Infrared photometry and polarimetry of Cygnus X-3

Terry Jay Jones, Robert D. Gehrz, Henry A. Kobulnicky, Lawrence A. Molnar, Eric M. Howard

Research output: Contribution to journalArticlepeer-review

12 Scopus citations

Abstract

We present photometry and linear polarimetry of Cygnus X-3 at K (2.2 μm) obtained over a 5 yr period. Photometry and polarimetry at J, H, and K of nearby field stars is also presented. From an analysis of these data we find: (1) Using the x-ray ephemeris of Kitamoto et al. [ApJ, 384, 263 (1992)], including the first and second derivatives of the period, the leading edge of the decline to minimum in the quiescent K light curve has not changed in phase since 1974. The duration of the minimum in the light curve has changed signicantly between different epochs, becoming much broader in 1993 than it was previously. (2) In addition to an interstellar polarization component, it is likely Cyg X-3 has an intrinsic polarization component that is variable. The variations in the polarization do not show any diagnostic pattern with, orbital phase. A crude analysis of the polarization suggests the intrinsic polarization of Cyg X-3 has a mean position angle of ∼12°, nearly the same as the direction of the expanding radio lobes. This is consistent with circumstellar electrons scattering in an equatorial disk that is perpendicular to the lobe axis. (3) The mean position angle for the interstellar polarization in the direction of Cyg X-3 is 150°. This is nearly perpendicular to the axis of interstellar radio scattering seen in the extended VLBI images. Since the position angle of interstellar polarization is the same as the projected magnetic field direction, this suggests the interstellar (not circumstellar) scattering must be taking place perpendicular to the interstellar magnetic field lines. (4) Cyg X-3 was observed at K during a flare on 1992 September 30 with a temporal resolution of 6 s. The flaring had rise and fall times of ∼50 s with peak intensities up to 80 mJy. The flux between individual flare events never dropped to quiescent levels for the duration of our observations (∼2000 s).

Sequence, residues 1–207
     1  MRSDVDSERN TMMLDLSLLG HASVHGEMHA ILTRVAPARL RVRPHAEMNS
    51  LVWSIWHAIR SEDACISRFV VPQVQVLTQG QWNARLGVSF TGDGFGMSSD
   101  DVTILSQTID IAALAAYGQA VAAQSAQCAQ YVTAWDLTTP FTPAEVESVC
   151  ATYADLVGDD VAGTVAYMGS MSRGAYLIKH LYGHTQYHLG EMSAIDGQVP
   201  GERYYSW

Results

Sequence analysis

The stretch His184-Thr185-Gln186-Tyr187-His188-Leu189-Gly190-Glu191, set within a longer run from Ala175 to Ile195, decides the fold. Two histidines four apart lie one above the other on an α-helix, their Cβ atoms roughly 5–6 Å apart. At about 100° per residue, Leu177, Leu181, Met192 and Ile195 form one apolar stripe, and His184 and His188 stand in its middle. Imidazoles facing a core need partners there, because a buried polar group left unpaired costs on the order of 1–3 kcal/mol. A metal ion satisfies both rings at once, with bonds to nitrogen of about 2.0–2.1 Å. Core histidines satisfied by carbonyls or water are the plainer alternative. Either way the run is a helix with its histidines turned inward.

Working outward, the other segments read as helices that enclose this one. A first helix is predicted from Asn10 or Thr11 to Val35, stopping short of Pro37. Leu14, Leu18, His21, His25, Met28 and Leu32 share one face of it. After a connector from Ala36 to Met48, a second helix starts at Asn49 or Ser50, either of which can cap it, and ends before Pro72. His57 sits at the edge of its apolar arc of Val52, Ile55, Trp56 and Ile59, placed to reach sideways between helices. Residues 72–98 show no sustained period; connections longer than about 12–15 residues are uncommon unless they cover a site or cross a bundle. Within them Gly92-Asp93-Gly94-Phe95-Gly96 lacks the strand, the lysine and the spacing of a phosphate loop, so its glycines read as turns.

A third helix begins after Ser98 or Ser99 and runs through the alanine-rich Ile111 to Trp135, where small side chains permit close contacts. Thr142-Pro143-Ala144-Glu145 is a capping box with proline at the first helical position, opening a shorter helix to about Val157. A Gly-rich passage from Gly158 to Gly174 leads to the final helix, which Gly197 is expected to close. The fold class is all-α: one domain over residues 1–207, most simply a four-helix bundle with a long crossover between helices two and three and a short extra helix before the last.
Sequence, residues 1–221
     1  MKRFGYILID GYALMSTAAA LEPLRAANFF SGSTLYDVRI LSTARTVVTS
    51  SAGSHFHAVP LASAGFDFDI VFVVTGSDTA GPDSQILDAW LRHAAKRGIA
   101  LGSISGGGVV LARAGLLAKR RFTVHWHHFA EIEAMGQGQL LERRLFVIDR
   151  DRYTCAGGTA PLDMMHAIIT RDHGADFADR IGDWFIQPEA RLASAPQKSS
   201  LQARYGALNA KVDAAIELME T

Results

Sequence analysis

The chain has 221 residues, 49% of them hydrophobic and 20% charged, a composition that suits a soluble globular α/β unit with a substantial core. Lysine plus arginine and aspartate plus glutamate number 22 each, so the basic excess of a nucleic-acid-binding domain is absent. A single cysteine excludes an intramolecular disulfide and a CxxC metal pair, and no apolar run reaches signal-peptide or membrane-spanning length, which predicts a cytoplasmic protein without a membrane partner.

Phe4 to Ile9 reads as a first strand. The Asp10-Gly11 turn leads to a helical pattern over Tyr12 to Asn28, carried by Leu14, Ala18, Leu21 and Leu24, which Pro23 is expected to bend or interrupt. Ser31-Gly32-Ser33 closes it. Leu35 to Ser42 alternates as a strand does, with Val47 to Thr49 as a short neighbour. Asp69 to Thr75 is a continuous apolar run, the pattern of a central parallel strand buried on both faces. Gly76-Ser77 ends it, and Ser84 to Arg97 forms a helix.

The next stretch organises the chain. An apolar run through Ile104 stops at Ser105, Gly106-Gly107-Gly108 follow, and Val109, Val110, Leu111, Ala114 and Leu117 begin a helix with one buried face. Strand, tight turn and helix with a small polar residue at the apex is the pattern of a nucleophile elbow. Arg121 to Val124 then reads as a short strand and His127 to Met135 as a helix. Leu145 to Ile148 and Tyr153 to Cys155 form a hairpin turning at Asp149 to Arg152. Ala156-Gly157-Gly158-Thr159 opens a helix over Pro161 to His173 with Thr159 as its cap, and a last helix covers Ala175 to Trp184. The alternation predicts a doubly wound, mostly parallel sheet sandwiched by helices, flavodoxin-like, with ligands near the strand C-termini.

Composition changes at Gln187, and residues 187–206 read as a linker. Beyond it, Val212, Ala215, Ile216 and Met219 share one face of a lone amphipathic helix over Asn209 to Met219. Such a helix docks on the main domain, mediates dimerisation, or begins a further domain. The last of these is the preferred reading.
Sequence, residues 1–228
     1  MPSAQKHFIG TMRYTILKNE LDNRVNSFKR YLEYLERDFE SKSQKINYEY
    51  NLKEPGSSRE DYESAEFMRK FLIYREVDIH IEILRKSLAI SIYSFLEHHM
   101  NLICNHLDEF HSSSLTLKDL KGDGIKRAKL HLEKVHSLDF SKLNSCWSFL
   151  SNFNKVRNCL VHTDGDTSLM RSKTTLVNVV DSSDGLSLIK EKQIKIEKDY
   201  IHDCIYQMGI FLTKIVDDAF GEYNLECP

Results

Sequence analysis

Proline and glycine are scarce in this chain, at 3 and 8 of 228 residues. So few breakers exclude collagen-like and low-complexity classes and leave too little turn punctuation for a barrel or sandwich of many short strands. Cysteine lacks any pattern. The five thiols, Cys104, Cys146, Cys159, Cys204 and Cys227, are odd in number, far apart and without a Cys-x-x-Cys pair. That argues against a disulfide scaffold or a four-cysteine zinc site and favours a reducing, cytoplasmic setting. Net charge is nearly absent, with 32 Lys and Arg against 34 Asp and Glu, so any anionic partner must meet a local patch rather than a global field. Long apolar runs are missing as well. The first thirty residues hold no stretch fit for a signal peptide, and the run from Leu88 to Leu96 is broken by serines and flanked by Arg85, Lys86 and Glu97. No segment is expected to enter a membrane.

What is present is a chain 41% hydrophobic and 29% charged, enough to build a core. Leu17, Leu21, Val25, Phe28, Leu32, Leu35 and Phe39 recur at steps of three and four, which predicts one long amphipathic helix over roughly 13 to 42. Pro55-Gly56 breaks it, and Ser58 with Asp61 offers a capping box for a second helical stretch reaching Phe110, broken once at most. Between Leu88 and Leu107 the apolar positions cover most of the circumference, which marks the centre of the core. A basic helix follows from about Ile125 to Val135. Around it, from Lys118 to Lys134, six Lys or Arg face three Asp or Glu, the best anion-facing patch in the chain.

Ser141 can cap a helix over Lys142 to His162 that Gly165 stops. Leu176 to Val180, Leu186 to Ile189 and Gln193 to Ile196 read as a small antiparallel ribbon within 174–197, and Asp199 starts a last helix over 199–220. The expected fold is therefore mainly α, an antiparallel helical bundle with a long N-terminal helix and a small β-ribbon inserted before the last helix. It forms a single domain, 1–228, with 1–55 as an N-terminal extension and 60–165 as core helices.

Original languageEnglish (US)
Pages (from-to)605-611
Number of pages7
JournalAstronomical Journal
Volume108
Issue number2
DOIs
StatePublished - Aug 1994

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